Deficits Forever

Mandatory Madness

Who Holds the Debt?

Spending Growth

Where Did All My Travel Go?

“Diamonds are forever,” according to the jewelry industry. That may be a slight exaggeration, yet diamonds will certainly outlive you and whomever you give them to.

Debt isn’t forever but can definitely seem like it. That feeling is a clue you have too much debt. Wisely used, debt helps build income-generating assets that pay for themselves. The payments are manageable because you’re also getting something else of value.

On a national level, though, we’re not investing in the future. We use debt to fund routine government services, long-promised benefits like Social Security and interest on all of it at the highest rates in decades.

Anyone who has ever been over their head in debt can testify how paralyzing it is. You become ultra-cautious, unwilling to take risks because even a small mistake can be catastrophic. The same can happen (and has happened) to entire countries when the government gets over its head. Sovereign defaults—or the fear of them—lead to austerity for everyone.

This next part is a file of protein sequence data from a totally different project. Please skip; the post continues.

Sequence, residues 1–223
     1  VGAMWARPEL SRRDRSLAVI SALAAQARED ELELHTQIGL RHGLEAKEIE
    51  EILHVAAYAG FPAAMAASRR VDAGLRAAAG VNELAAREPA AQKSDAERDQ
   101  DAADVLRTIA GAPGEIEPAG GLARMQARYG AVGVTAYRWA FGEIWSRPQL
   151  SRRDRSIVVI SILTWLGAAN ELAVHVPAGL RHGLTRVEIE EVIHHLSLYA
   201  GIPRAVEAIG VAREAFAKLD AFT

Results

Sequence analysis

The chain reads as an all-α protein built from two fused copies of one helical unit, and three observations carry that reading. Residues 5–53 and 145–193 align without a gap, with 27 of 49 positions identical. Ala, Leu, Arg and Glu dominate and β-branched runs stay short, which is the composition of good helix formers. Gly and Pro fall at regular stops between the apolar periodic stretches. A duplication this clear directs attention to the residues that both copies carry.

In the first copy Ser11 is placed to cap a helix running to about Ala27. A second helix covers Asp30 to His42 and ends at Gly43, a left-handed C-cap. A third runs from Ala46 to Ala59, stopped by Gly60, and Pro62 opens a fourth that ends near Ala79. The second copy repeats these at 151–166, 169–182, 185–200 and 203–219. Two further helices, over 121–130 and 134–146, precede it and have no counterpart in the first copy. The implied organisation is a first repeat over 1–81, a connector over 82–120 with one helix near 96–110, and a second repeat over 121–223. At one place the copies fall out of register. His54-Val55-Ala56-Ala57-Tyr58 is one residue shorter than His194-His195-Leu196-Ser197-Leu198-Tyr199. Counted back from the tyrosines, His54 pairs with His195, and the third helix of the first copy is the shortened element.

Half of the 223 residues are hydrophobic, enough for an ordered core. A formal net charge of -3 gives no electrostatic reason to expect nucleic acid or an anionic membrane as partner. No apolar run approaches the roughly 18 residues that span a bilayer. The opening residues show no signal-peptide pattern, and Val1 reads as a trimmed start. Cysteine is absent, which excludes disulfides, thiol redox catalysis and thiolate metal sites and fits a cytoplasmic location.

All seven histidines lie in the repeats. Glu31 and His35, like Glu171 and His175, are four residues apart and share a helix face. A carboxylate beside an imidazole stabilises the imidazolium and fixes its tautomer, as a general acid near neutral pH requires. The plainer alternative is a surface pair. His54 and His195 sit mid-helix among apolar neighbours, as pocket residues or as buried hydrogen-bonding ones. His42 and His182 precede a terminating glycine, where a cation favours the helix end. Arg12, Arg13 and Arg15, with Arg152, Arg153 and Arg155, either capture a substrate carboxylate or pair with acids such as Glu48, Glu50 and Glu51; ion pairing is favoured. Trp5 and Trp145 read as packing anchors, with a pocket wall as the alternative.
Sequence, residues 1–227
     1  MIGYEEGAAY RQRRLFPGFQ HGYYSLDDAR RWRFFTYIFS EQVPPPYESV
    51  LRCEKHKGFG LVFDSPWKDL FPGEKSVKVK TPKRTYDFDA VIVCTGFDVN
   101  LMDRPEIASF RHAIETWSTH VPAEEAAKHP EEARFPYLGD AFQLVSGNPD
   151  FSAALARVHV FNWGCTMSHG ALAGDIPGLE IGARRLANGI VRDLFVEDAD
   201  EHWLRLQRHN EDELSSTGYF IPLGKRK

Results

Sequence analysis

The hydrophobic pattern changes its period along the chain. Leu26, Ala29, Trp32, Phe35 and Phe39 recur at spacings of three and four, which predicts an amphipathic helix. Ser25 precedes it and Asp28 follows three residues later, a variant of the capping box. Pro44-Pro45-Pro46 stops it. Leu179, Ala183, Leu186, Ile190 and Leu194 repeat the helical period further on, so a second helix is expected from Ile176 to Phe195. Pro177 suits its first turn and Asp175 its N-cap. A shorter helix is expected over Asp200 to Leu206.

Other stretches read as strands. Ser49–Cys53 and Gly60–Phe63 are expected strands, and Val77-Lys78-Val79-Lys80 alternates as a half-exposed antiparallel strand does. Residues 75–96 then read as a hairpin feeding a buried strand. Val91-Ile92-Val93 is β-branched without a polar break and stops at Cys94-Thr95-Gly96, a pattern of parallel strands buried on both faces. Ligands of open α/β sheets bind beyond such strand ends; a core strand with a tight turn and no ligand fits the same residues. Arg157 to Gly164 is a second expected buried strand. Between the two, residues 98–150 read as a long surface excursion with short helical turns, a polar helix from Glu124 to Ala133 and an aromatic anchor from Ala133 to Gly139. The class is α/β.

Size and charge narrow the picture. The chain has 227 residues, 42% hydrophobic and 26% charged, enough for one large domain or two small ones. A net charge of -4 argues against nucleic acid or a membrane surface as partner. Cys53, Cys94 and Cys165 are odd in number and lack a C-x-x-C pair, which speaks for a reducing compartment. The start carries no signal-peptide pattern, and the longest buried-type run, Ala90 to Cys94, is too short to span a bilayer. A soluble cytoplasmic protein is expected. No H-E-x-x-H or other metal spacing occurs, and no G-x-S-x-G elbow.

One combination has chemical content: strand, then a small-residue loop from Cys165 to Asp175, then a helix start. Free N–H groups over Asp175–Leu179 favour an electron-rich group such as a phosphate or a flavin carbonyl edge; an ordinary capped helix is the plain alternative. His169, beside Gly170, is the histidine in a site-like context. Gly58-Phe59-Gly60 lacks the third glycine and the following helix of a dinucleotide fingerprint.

The United States has so far avoided that fate because we have unique advantages: the largest economy, the global reserve currency, military strength. Yet even with those, we face limits. No one is going to foreclose on the US Treasury but at some point, they will become less willing to lend it more cash.

Long before then, the debt will suppress economic activity enough to force the changes voters and politicians have been unwilling to make. Today we’ll look at the latest federal budget data and see how much time we have.

In this wide-ranging interview with Ed D'Agostino, Keith discussed his 2023 market thesis, inflation, Fed policy, as well as big picture risks and opportunities he sees. It's a great primer on Keith's current thinking.